Are reproductive tract infections a challenge for women’s health?

Cervical cancer is one of the most common cancers in women. In 2020, more than 600,000 cases and 340,000 deaths have been reported worldwide.

Researchers at Arizona State University are hoping to understand the factors that lead to persistent HPV infection to cancer, by studying the complex communities of bacteria in a woman’s reproductive tract, known as vaginal microbiota.

Recent studies have explored the relationship of vaginal microbiota with cervical cancer, although the viral component is often overlooked. Viruses interact with both human cells and large amounts of bacteria in the genital tract.

“Microbiology maintains a delicate balance in our bodies to promote health,” said Efrem Lim, a researcher at the Asu Center for Biodesign in basic and applied microbiology.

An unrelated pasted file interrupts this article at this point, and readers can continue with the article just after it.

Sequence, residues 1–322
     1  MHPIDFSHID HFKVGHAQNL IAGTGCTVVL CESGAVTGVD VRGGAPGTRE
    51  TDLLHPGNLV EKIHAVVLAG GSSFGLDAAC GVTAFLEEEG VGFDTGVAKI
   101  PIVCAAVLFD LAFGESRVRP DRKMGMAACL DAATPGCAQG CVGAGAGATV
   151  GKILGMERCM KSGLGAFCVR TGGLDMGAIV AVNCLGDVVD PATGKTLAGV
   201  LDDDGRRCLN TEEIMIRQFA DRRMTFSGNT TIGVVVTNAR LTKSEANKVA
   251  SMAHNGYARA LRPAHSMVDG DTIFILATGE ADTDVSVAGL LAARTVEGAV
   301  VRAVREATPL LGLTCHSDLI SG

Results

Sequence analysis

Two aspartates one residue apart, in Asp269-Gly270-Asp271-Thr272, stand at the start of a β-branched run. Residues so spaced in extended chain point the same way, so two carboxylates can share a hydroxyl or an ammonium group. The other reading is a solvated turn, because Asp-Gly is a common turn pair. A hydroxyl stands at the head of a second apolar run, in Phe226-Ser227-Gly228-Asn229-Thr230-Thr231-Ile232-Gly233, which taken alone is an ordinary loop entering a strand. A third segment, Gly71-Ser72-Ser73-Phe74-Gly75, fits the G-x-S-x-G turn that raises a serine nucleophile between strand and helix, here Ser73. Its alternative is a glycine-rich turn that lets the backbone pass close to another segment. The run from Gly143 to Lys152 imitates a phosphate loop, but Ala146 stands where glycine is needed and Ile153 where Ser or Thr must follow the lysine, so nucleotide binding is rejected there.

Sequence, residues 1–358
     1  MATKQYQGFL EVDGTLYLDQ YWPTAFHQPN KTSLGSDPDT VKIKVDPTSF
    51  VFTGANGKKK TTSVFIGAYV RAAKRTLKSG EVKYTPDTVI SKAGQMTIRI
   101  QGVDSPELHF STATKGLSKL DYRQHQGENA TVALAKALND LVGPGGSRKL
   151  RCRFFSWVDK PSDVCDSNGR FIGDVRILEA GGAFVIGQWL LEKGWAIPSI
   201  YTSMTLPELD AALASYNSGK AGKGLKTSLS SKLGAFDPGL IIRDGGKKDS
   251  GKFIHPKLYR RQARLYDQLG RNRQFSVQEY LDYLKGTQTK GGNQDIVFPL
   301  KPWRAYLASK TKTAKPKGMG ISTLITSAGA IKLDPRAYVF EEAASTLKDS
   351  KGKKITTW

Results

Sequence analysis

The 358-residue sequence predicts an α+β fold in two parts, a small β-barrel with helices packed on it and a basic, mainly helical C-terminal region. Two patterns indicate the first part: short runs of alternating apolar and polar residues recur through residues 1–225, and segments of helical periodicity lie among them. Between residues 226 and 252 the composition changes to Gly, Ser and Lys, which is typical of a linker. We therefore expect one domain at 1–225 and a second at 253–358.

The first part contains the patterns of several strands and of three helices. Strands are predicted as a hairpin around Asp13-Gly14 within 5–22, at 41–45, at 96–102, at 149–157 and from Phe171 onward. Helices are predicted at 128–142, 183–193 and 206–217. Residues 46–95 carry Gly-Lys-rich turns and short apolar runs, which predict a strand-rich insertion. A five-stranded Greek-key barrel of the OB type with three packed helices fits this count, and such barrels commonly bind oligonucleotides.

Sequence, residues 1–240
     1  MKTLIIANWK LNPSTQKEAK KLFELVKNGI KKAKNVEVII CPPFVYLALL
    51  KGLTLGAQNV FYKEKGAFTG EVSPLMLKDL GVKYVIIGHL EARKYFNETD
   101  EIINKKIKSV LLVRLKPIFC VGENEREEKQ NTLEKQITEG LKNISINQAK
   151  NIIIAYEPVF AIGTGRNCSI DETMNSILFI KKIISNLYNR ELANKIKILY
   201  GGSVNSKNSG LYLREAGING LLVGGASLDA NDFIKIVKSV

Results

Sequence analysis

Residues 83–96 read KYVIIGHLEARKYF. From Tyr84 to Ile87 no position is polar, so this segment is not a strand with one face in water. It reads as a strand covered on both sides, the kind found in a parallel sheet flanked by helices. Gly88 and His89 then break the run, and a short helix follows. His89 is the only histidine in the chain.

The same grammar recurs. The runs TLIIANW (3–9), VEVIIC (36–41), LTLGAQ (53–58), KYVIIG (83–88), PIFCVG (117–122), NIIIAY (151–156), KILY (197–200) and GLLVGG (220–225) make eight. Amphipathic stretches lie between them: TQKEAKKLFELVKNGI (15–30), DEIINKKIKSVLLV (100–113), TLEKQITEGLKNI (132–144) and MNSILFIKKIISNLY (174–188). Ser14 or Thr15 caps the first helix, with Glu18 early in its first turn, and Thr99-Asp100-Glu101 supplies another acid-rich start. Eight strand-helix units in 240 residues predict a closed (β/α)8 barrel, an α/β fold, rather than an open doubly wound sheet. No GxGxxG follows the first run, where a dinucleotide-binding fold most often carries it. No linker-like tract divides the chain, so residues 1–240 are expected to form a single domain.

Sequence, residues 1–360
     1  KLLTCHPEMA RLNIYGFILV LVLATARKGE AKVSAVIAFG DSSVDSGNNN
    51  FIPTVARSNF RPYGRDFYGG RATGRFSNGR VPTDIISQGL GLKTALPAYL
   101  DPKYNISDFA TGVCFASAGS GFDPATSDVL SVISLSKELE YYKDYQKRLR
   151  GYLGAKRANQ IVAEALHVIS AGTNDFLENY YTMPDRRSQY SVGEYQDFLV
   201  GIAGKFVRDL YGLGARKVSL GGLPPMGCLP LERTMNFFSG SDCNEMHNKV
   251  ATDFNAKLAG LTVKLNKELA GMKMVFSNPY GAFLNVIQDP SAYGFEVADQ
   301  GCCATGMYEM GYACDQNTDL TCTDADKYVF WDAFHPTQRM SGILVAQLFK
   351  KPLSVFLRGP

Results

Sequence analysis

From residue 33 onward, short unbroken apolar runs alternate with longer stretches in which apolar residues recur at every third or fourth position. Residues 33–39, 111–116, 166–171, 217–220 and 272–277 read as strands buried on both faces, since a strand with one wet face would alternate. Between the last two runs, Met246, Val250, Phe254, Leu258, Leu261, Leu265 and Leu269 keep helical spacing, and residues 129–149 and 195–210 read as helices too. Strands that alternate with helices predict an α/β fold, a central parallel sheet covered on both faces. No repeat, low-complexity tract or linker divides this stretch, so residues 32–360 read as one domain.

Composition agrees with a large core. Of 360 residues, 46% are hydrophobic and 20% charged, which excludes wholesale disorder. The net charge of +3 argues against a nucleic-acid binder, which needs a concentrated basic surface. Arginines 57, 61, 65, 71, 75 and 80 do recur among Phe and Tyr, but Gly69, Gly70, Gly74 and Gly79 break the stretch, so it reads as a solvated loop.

New research uses next-generation gene sequencing to better understand the viral community present in vaginal microbiota samples from women in the Phoenix, Arizona metropolitan area.

The results suggest an association between genitourinary inflammation and low abundance of Lactobacillus species with reduced virome diversity. Lactobacillus bacteria are known to be important mediators of genital health.

Furthermore, conditions conducive to persistent HPV infection are also associated with an abundance of a group of viruses that infect bacteria known as bacteriophages.

Source: Medindia

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